Gold prices posted a a sixth straight losing session on Monday — its longest losing streak since early July, as the rising dollar and higher Treasury yields continued to weigh on precious metals.
for December delivery declined by $14.50, or 0.8%, to settle at $1,748.40 per ounce on Comex, the lowest most-active contract finish since July 27, FactSet data show. The loss was the sixth in a row for gold, the longest daily losing streak since the seven-session fall ended on July 6.
for September delivery lost 19 cents, or 1%, to $18.878 per ounce as losses in silver continued to outpace losses for gold. The precious metal was down a sixth straight session, its longest consecutive run of losses since early May.
for September delivery fell $149.60, or 7%, to settle at $1,981.80 per ounce, the lowest in more than a month. Platinum
for October delivery fell $20, or nearly 2.3%, to $868 per ounce.
Copper for September
delivery was off by a penny, or nearly 0.4%, to $3.6515 per pound.
What analysts are saying
Carlo Alberto De Casa, an external market analyst at Kinesis Money, said the dollar’s rebound over the past week has created a “challenging scenario for precious metals.”
The ICE U.S. Dollar Index
a gauge of the dollar’s strength against six rivals, was up nearly 0.8% at 108.975, nearing a multi-decade high reached last month.
“If the dollar and Treasury yields continue to trend higher, it is onlya matter of time before gold retests the 2022 lows,” analysts at Sevens Report Research wrote in Monday’s newsletter.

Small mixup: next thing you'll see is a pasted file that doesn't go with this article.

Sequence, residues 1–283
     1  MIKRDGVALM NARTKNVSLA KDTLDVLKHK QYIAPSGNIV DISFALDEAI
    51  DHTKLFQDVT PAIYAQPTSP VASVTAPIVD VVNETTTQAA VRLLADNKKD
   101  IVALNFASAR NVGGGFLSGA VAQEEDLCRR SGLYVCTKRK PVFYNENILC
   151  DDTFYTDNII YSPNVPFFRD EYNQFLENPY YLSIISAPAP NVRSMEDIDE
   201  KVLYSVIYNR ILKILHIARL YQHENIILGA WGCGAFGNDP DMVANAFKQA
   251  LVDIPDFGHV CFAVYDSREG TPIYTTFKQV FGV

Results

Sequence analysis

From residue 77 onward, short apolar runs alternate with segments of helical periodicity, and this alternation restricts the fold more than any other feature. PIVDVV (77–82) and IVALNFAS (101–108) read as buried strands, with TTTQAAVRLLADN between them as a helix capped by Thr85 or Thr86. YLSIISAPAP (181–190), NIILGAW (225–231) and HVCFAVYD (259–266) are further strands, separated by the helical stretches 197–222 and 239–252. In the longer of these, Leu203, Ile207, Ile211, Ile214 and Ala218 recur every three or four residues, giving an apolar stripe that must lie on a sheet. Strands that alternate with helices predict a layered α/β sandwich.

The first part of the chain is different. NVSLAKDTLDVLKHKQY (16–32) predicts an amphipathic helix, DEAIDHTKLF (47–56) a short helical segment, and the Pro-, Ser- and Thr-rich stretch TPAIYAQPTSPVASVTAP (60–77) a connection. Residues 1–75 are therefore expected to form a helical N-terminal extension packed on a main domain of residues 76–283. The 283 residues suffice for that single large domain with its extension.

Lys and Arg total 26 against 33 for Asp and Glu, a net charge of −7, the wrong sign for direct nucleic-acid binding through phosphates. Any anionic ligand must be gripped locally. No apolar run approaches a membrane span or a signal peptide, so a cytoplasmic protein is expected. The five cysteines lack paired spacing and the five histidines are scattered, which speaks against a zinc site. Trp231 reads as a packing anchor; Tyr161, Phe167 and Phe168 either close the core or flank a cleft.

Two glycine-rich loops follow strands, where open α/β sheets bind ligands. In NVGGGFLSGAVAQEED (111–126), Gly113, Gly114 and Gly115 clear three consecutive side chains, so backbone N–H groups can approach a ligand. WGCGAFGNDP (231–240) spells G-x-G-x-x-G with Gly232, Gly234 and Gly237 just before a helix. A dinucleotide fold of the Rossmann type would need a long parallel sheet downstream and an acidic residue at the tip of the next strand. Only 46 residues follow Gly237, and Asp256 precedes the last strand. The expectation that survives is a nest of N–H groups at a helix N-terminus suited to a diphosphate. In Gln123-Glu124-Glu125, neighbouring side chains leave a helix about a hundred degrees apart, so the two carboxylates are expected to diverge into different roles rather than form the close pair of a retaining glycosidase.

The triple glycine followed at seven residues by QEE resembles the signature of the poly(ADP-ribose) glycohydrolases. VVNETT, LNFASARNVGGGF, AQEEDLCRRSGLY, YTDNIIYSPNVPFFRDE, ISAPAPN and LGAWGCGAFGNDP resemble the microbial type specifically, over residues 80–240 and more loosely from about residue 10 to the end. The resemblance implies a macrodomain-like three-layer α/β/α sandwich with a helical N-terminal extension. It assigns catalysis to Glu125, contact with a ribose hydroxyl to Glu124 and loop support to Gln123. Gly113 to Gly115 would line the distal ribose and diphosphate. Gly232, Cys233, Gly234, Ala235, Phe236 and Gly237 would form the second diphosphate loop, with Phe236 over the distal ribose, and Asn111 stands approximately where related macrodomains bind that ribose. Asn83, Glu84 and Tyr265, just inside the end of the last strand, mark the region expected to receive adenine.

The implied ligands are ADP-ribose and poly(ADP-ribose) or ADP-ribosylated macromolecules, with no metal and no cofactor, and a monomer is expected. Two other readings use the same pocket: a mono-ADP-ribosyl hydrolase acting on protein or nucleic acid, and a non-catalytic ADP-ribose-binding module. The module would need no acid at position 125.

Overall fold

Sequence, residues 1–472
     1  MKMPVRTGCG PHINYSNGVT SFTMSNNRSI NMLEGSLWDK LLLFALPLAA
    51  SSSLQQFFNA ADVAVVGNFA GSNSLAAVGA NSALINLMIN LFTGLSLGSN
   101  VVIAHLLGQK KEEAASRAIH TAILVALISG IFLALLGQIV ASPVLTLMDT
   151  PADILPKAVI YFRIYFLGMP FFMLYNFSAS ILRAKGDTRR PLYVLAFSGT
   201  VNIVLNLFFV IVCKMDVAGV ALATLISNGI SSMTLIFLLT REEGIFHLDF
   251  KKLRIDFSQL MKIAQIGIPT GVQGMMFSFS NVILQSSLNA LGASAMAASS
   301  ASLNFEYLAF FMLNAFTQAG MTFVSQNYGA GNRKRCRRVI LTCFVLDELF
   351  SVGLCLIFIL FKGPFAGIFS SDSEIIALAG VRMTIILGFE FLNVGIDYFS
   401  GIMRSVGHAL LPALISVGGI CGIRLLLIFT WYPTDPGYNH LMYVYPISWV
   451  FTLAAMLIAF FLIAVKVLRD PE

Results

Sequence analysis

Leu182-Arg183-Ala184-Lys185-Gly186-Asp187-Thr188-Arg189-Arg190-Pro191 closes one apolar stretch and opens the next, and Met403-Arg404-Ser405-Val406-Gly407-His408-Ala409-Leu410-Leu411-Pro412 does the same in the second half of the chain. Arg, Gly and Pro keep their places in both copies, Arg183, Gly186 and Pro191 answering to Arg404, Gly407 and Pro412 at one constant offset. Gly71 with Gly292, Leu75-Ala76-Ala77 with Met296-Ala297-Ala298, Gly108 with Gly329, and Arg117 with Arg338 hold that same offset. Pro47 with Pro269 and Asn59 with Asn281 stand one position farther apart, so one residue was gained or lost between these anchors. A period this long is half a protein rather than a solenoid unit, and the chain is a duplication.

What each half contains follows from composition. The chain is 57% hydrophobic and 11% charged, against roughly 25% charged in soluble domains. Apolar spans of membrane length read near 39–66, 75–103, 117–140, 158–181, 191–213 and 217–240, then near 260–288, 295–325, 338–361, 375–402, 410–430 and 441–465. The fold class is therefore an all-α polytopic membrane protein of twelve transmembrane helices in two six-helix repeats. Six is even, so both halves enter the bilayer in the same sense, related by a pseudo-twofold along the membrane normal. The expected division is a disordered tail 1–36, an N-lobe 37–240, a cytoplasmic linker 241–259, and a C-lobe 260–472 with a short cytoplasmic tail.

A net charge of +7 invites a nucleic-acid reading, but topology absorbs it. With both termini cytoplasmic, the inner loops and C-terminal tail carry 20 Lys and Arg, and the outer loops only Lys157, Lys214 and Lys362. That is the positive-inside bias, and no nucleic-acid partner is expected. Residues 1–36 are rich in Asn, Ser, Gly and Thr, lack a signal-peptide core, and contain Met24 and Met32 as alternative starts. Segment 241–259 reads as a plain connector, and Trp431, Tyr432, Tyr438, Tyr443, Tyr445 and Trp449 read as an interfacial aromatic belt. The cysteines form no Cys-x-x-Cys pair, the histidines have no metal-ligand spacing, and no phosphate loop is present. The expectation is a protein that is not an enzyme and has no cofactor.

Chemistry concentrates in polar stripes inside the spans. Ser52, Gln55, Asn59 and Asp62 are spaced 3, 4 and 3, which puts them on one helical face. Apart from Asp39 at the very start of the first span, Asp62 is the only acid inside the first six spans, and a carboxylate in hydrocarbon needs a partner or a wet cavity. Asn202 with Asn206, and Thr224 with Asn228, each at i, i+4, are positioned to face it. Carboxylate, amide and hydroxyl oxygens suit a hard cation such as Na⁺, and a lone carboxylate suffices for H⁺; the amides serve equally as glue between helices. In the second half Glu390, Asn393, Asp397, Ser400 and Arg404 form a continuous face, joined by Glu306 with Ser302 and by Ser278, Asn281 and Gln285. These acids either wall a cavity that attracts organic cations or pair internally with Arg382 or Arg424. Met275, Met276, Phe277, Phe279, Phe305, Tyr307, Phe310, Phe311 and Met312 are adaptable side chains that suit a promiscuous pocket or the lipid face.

Investors may get hints from Federal Reserve Chairman Jerome Powell on the plan for interest rates when he delivers remarks from the Fed’s annual economic symposium in Jackson Hole, Wyo. on Friday.
Read the Fed Jackson Hole preview: Powell to stress a recession won’t stop Fed’s fight against high inflation
“Markets are now pricing the interest rates to be in the region of 3.5 – 3.75% by the end of this year. Therefore, it is not a surprise that in the last few trading days we have seen a challenging scenario for precious metals,” De Casa said.
Meanwhile, copper was also lower to start the week “on the same dismal datathat weighed on energy” — the recent soft economic data from China, said analysts at Sevens Report Research.
Still, some upbeat economic data from the U.S. helped prices for the industrial metal pare most of its losses last week.
“Copper prices are in a near-term uptrend…but we will be watching support near $3.50 closely as a break below would be a negative macroeconomic signal,” the Sevens Report analysts said.
Also on Comex, palladium was a standout, down 7% for the session to its lowest finish in more than a month with strength in the U.S. dollar also leading to significant falls in both palladium and sister metal platinum, said Michael Hewson, chief market analyst at CMC Markets UK, in a market update.